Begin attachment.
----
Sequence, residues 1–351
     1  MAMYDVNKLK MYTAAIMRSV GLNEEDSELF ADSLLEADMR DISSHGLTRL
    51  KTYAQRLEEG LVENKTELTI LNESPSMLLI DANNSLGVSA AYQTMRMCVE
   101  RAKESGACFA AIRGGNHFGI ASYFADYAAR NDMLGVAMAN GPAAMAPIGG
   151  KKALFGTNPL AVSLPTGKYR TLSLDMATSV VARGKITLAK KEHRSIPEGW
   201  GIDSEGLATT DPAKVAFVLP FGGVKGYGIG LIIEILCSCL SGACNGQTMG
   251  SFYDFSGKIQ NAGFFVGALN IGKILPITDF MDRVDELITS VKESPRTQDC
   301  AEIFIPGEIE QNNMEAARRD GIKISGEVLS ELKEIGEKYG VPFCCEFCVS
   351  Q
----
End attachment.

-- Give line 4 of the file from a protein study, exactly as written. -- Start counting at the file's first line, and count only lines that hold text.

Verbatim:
   101  RAKESGACFA AIRGGNHFGI ASYFADYAAR NDMLGVAMAN GPAAMAPIGG